Will ddr4 RAM work on DDR5 motherboard
Not at all. In the same way that DDR4 required new memory controllers when it transitioned from DDR3, so will DDR5. The memory controller is now integrated into the CPU, which means there will be new generations of CPUs. AMD has yet to develop CPUs for DDR5, while Intel has already begun.
In addition to DDR3 and DDR4, DDR5 will also have a different pin arrangement from previous generations. As a result, the DDR4 and DDR5 memory chips will not be cross-compatible.
For the past few years, rumors have swirled about the next generation of RAM, DDR5.
These standard specifications release was originally scheduled for 2018, but was repeatedly postponed, finally becoming official on the 14th of July 2020.
However, the first DDR5 chip was actually unveiled by SK Hynix on 6th October 2020, and it was intended for a particular use case rather than gaming: big data, AI, and machine learning.
During the latter half of 2022, servers will be widely available. The first examples of desktop PCs should be available in the first half of 2022.
Corsair DDR5 RAM
With CORSAIR DDR5 memory, the next generation of memory is here to take the world by storm. DDR5 delivers nearly 50%* more bandwidth and almost twice the storage capacity of DDR4.
Don’t worry if you’re still on DDR4, because CORSAIR DDR4 memory is compatible with select motherboards that are capable of supporting Intel® CoreTM processors.
How does DDR5 compare to DDR4? Ddr4 vs DDR5
There is no backward compatibility between DDR5 and DDR4. If even a single digit (in this case, 5 versus 4) differs in the underlying memory technology, it would make sense to call it an entirely new standard.
Since the pinout will differ, the voltages may differ, and they shouldn’t be mixed if you can help it.
Although they do cause discomfort, incompatibilities do not solely exist for the sake of being unpleasant. Having them backwards compatible would cause faster RAM to consume more power.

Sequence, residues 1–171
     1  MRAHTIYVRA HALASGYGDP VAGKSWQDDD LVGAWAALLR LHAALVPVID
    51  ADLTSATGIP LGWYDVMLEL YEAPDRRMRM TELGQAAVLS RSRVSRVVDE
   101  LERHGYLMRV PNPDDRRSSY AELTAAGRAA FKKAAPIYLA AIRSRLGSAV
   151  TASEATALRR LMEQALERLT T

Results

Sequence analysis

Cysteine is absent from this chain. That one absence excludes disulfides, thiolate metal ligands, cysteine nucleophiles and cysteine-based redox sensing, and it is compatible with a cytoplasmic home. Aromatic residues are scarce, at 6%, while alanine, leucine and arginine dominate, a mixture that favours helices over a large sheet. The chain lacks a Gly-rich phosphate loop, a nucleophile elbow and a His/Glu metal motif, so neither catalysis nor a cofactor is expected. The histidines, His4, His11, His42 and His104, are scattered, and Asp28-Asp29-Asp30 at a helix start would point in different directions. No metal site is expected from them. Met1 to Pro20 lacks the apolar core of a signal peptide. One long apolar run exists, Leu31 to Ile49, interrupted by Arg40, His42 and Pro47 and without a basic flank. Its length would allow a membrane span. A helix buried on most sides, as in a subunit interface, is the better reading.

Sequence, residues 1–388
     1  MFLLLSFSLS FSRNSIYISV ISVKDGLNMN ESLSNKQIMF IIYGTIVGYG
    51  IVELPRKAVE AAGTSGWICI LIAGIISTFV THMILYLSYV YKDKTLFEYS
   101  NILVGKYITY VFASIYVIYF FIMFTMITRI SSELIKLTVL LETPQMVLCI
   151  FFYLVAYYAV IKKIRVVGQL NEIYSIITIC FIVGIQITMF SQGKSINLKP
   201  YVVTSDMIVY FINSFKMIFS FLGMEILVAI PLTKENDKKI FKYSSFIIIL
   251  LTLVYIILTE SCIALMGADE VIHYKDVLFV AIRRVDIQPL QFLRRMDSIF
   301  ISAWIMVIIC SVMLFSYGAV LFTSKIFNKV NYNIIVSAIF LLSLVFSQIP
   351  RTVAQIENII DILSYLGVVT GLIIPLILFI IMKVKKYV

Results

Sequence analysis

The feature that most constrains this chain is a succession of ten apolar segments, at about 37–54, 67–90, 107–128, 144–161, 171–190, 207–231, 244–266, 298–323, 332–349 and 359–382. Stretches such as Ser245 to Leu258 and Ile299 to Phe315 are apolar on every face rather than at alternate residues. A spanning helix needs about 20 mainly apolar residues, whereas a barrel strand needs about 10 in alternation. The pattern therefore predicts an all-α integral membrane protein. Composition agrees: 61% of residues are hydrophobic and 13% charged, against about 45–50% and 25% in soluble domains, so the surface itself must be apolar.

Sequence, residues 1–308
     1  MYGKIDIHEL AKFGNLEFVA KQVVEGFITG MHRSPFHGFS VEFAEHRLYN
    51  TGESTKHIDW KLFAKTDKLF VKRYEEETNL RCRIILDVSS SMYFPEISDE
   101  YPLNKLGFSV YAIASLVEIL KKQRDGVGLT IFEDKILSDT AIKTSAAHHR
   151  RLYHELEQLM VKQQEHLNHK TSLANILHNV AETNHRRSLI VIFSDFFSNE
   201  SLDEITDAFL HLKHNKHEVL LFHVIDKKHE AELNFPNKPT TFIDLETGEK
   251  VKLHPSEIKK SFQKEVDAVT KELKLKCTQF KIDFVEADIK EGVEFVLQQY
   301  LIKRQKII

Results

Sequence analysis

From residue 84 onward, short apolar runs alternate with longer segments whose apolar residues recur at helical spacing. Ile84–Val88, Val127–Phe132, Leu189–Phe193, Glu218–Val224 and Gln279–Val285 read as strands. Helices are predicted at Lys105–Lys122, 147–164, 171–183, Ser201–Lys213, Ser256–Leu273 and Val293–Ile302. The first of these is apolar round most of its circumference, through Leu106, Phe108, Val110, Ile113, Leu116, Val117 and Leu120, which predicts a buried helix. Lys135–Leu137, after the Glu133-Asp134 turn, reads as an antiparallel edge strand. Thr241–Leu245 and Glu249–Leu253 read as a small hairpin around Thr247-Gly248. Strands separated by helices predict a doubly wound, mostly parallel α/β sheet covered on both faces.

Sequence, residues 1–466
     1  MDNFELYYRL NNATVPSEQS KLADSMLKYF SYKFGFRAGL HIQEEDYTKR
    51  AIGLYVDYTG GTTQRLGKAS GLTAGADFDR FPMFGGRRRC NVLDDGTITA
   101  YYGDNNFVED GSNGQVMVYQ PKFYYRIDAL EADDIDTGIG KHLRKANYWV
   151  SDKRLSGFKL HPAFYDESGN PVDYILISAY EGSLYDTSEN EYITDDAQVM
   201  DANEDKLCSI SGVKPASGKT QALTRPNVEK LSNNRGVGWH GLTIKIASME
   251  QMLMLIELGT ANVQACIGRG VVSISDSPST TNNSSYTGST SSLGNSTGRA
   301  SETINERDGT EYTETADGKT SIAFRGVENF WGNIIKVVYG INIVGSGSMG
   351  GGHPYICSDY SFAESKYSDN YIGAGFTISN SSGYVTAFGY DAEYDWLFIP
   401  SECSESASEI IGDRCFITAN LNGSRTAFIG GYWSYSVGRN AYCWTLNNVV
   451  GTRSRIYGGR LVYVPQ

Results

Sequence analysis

Moreover, the RAM issue wasn’t resolved in those days since the memory controllers weren’t included in the CPUs (unlike today) so there was no RAM issue.
If someone wanted to use the new RAM technology with an old CPU and a new motherboard, they would have to add more memory controllers to their motherboard.
Additionally, these versions differ not just in their pins. There are several things that define the patterns of codes, such as voltage ranges, number of connections, and protocol, among others.
Whether you have DDR4 or DDR5, all need is the best RAM that suites your motherboard.
It is also beneficial to the manufacturer since this will increase sales of motherboards and RAM. The existence of such a byproduct, however, is not the purpose behind it.
My initial test consisted of 15GB DDR5 RAM and Intel Core i5-12600K. Each chip performed extremely well.
The Core i5-12600K is still my recommendation when it comes to midrange as well as high-end computer builds.
The time has finally come to see how the i5 handles games with DDR4 since I’ve finally gotten my hands on a compatible DDR4-based motherboard as well – the Asus ROG Strix Z690-A Gaming WiFi D4.
In summary, the results below were obtained using a Core i5-12600K and an Nvidia GeForce RTX 2080 Ti paired together at 1080p. DDR4 memory was paired with 16GB of Corsair Ballistix Elite memory running at 4000 MHz on the ROG Strix Z690-A Gaming WiFi D4. The original DDR5 testing was done on an Asus ROG Maximus Z690 Hero motherboard and 16GB of Geil Polaris RGB RAM (at the stock 4800MHz clock speed).
The latest generation of RAM does not produce any noticeable performance improvements compared to older generations. RAM has never had as much impact on gaming speeds as CPUs and graphics cards.
DDR4 appears to be slightly superior, as it produces an extra 7 frames per second in Shadow of the Tomb Raider, an extra 5 frames per second in Assassin’s Creed Valhalla, and only a 3 frames per second deficit in Metro Exodus. Overall, DDR4 and DDR5 perform equally well in all the other tests.